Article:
Agriculture
Middle school science adventures
Microbes at the Gas Pump
Cleaning Up Fish Farms
Amphibians
Poison Dart Frogs
Salamanders
Frogs and Toads
Animals
Tool Use Comes Naturally to Crows
Helping the Cause of Macaws
Not Slippery When Wet
Behavior
Body clocks
Surprise Visitor
Hitting the redo button on evolution
Birds
Finches
Nightingales
Chicken
Chemistry and Materials
Bang, Sparkle, Burst, and Boom
Lighting goes digital
A Framework for Growing Bone
Computers
Small but WISE
Batteries built by Viruses
Fingerprint Evidence
Dinosaurs and Fossils
Teeny Skull Reveals Ancient Ancestor
Watery Fate for Nature's Gliders
Middle school science adventures
E Learning Jamaica
Results of GSAT are in schools this week
2014 GSAT Results for Jamaican Kids
E Learning in Jamaica WIN PRIZES and try our Fun Animated Games
Earth
Sky Dust Keeps Falling on Your Head
Shrinking Glaciers
Rodent Rubbish as an Ice-Age Thermometer
Environment
Shrinking Fish
The Birds are Falling
A Change in Climate
Finding the Past
Your inner Neandertal
Decoding a Beverage Jar
Of Lice and Old Clothes
Fish
Catfish
Hammerhead Sharks
Electric Ray
Food and Nutrition
Symbols from the Stone Age
Chocolate Rules
The Color of Health
GSAT English Rules
Subject and Verb Agreement
Who vs. That vs. Which
Whoever vs. Whomever
GSAT Exam Preparation Jamaica
GSAT Practice Papers | GSAT Mathematics | Maths
E Learning in Jamaica WIN PRIZES and try our Fun Animated Games
Mastering The GSAT Exam
GSAT Exams Jamaica Scholarships
GSAT Scholarship
GSAT Exam Preparation
Access denied - Disabled boy aces GSAT
GSAT Mathematics
Play for Science
10 Common Mistakes When Preparing for the GSAT Math Test
Deep-space dancers
Human Body
Speedy Gene Gives Runners a Boost
Gut Microbes and Weight
Nature's Medicines
Invertebrates
Dust Mites
Crawfish
Starfish
Mammals
Woolly Mammoths
Yaks
Dolphins
Parents
How children learn
The Surprising Meaning and Benefits of Nursery Rhymes
What Not to Say to Emerging Readers
Physics
Black Hole Journey
Powering Ball Lightning
Strange Universe: The Stuff of Darkness
Plants
A Change in Leaf Color
Pumping Up Poison Ivy
When Fungi and Algae Marry
Reptiles
Tortoises
Crocodiles
Reptiles
Space and Astronomy
Black Holes That Burp
Icy Red Planet
A Planet's Slim-Fast Plan
Technology and Engineering
Slip Sliming Away
Beyond Bar Codes
Smart Windows
The Parts of Speech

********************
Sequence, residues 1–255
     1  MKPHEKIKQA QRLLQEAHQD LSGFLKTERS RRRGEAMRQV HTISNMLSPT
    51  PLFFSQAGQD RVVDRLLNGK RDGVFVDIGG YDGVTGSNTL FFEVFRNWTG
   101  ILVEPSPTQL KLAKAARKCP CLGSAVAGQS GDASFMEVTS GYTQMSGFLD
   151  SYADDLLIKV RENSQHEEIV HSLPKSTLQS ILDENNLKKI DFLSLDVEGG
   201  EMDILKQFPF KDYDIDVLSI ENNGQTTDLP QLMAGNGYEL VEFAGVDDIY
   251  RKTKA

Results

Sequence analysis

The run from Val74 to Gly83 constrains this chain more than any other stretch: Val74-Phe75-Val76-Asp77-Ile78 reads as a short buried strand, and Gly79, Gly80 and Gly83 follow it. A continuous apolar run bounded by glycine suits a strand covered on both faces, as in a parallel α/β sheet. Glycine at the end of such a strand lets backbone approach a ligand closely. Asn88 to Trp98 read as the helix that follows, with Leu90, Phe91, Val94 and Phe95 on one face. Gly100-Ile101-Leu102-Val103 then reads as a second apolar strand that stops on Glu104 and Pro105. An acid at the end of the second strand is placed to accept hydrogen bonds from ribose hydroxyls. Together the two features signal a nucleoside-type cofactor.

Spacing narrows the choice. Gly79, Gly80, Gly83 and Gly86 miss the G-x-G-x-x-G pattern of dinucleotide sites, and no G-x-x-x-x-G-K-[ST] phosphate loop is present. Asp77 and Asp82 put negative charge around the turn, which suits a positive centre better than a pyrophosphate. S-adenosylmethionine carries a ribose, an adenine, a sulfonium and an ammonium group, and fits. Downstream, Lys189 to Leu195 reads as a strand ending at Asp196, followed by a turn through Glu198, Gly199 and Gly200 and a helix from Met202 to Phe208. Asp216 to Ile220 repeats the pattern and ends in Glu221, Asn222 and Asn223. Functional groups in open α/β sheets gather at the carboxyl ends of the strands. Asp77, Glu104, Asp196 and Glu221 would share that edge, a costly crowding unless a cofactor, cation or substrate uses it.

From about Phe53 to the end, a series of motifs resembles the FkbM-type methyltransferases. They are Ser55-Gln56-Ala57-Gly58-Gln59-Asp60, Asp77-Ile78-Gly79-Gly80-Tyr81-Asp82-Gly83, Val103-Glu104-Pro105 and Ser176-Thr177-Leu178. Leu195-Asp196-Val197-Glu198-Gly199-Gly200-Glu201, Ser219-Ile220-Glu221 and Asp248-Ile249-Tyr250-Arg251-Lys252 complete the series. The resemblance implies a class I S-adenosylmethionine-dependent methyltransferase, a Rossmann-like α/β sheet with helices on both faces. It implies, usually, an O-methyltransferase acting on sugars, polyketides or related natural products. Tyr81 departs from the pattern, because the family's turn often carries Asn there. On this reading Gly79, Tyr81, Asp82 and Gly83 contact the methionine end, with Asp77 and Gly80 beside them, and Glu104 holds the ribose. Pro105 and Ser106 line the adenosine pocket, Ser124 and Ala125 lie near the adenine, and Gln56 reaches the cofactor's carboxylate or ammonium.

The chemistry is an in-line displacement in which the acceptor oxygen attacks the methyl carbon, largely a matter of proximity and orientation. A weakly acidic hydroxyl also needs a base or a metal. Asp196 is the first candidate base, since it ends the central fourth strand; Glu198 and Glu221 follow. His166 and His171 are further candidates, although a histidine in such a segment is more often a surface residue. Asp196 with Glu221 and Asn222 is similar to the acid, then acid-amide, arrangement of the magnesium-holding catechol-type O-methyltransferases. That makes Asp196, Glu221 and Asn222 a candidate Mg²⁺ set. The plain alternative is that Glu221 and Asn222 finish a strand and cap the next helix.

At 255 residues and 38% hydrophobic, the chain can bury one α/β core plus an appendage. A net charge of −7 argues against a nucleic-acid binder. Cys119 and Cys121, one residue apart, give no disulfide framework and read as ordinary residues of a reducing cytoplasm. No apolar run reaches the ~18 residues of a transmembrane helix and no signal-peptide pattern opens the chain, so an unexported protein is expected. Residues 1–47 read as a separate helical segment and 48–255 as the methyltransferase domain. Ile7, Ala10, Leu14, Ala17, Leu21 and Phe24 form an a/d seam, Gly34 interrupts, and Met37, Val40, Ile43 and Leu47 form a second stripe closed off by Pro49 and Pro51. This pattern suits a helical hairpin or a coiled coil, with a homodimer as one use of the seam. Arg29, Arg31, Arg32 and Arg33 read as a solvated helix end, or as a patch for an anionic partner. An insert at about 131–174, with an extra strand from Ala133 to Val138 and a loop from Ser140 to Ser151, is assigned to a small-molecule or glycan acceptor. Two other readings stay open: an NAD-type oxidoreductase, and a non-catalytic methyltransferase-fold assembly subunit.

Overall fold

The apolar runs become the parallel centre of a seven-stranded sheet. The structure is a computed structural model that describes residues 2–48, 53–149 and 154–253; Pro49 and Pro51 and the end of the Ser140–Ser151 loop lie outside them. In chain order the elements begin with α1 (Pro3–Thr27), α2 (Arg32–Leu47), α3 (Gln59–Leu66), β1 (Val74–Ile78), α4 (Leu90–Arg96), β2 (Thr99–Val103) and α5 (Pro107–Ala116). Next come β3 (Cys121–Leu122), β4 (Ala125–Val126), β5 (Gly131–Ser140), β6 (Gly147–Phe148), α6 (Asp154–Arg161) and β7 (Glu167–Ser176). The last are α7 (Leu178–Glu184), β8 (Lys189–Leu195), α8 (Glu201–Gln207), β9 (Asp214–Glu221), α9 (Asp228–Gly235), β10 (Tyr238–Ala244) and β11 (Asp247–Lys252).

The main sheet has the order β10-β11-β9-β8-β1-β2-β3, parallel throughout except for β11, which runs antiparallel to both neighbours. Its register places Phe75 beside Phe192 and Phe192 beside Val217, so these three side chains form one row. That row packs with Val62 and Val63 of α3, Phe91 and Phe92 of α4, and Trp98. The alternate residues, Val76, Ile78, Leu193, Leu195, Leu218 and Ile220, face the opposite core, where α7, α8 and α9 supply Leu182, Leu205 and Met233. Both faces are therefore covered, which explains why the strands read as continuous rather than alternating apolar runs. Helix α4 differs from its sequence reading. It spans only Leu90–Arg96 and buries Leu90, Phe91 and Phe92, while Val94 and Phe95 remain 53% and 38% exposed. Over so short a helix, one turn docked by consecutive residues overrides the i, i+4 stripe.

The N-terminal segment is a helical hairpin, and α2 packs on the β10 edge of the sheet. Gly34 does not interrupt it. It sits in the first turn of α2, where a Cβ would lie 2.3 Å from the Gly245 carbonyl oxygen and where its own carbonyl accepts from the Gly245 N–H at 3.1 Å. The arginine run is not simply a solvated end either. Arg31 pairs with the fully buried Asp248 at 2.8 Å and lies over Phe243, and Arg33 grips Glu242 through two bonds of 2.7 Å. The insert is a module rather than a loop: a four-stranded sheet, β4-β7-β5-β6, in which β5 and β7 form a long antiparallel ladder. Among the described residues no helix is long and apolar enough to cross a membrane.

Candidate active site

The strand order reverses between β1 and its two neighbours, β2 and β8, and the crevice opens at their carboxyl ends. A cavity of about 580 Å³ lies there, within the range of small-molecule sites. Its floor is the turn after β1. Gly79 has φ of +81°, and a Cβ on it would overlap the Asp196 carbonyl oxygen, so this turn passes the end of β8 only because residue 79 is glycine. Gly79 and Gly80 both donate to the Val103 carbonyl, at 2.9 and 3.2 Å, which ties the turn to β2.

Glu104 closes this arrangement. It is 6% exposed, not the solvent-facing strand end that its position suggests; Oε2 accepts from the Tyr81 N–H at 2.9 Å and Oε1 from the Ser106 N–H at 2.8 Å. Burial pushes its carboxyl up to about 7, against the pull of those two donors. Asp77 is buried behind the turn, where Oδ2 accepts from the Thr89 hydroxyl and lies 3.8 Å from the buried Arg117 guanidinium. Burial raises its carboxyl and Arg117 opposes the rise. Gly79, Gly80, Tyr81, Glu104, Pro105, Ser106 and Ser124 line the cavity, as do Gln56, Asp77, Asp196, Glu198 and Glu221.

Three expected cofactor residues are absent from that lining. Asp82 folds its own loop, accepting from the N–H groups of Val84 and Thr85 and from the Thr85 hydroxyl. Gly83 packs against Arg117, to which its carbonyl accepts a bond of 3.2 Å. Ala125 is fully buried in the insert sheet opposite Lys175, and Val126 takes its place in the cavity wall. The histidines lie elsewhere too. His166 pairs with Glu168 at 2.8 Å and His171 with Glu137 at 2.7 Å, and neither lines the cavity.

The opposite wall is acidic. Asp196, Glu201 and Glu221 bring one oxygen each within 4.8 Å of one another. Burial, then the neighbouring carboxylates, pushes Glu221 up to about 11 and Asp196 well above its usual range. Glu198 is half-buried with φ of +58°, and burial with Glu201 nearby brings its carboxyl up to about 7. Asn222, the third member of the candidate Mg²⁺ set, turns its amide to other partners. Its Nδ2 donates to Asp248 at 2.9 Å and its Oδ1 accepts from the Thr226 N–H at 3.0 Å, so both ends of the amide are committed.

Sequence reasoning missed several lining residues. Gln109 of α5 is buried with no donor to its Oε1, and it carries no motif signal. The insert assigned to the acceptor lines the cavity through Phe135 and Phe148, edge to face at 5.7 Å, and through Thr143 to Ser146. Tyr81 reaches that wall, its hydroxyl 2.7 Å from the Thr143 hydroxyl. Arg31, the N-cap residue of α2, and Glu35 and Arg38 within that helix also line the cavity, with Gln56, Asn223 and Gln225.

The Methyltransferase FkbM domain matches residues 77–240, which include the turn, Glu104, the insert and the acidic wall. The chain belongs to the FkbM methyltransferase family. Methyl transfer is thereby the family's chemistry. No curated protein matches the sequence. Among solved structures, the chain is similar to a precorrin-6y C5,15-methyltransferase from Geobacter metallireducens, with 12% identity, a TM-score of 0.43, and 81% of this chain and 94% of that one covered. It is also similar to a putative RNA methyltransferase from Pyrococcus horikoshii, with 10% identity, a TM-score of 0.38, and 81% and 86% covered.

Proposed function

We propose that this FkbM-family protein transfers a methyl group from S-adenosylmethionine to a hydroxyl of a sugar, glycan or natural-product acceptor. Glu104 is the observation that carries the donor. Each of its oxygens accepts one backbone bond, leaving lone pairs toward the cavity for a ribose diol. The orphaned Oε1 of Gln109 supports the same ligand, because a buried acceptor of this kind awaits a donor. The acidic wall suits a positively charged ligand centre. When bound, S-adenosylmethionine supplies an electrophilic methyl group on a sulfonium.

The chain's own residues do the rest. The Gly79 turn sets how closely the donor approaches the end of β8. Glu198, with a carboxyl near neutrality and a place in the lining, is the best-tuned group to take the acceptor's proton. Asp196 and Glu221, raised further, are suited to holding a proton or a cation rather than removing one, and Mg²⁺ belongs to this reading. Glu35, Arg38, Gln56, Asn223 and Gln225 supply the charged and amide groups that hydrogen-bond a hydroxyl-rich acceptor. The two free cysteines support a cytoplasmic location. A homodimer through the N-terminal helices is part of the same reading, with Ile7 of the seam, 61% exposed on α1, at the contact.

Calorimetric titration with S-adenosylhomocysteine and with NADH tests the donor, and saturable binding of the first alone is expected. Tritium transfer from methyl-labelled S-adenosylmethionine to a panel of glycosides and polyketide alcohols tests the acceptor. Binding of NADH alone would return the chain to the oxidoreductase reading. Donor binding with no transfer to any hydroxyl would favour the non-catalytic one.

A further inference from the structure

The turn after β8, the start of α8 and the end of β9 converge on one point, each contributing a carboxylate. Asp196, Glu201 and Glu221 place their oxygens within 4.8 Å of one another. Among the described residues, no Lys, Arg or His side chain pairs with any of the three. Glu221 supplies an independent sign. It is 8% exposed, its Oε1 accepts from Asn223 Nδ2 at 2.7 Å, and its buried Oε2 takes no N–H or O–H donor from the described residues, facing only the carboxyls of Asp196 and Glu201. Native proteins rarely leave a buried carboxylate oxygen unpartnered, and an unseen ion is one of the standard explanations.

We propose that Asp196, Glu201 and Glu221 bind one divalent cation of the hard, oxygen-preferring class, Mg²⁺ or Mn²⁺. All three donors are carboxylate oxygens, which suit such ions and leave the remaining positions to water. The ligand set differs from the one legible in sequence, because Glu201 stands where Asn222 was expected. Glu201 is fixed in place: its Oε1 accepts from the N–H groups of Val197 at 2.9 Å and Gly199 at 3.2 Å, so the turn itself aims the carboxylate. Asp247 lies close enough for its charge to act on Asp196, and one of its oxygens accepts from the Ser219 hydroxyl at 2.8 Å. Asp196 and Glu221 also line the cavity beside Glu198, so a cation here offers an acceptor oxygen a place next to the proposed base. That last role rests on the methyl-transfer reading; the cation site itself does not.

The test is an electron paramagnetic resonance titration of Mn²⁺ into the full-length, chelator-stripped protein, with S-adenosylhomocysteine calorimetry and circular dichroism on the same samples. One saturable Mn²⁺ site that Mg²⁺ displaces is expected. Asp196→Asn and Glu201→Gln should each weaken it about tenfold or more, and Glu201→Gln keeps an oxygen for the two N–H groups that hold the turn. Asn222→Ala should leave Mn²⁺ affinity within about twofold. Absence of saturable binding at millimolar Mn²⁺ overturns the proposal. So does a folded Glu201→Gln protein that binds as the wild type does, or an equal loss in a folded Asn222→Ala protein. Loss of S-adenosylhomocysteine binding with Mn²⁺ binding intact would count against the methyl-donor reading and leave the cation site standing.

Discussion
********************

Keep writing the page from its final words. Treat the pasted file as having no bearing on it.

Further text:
What is a Preposition?
Countable and Uncountable Nouns
What is a Verb?
Transportation
Morphing a Wing to Save Fuel
Reach for the Sky
Middle school science adventures
Weather
Either Martians or Mars has gas
Recipe for a Hurricane
Science loses out when ice caps melt
Add your Article

Nice Chimps

People and chimpanzees appear to develop such traits without any direct training, says Felix Warneken. He's an anthropologist at the Max Planck Institute for Evolutionary Anthropology in Leipzig, Germany. Warneken and colleagues worked with adult chimps that live on a protected island in the African country of Uganda. They also worked with 18-month-old children in Germany. The researchers performed three experiments with the apes and two experiments with the kids. In the first animal experiment, a person tried to reach through the bars of an enclosure to grab a stick while a chimp watched from the room next door. The observing chimp could reach the stick if it wanted to. Even though the animals had no previous contacts with the person, they usually grabbed the stick and gave it to the person. What's more, they did this regardless of whether or not the person offered them banana slices as a reward. Thirty-six animals participated in this experiment, and each acted independently. No chimp saw what the other chimps had done. In a similar trial, 36 children behaved in a similar way. They helped the person reach the stick, regardless of whether they were offered toys for their helpfulness. The researchers conducted the second round of experiments with 18 chimps and 22 infants that had been helpful in the first round. In this set of trials, the chimps had to climb to a platform that was 2.5 meters (8.2 feet) high in order to give a stick to an experimenter. The children had to get around and over barriers to give a pencil to the person. No rewards were offered in either case. And still, both the chimps and the children went out of their way to help. A third set of experiments tested the willingness of nine chimps to assist other chimps that they did not know. In each trial, one animal watched another animal in a separate room. The animal being watched tried to get through a chained door to food on the other side. The observing chimp, if it wanted to, could help out the watched chimp by removing a peg in its own room. That action would open the door in the watched chimp's room, allowing the watched chimp to get a snack. In many trials, all the observing chimps except one decided to help their comrades. The new results "come as no surprise to any field worker who has spent lots of time close to wild chimpanzees," says anthropologist William C. McGrew of the University of Cambridge in England. Still, the new study contradicts earlier findings. Researchers at the University of California, Los Angeles, for example, had found that chimps don't give rewards of food to other chimps, even if it costs them nothing to be generous. It's possible that chimpanzees act altruistically only if they realize that other chimps are struggling to reach their goals, Warneken suggests.—Emily Sohn

Nice Chimps
Nice Chimps








Designed and Powered by HBJamaica.com™